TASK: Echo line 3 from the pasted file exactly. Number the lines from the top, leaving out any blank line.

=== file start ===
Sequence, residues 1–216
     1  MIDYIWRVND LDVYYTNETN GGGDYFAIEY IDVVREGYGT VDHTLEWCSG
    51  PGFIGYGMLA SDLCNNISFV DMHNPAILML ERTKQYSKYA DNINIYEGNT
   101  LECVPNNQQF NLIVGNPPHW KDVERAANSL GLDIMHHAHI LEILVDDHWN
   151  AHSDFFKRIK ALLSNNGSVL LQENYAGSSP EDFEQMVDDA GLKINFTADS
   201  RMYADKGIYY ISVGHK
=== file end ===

    51  PGFIGYGMLA SDLCNNISFV DMHNPAILML ERTKQYSKYA DNINIYEGNT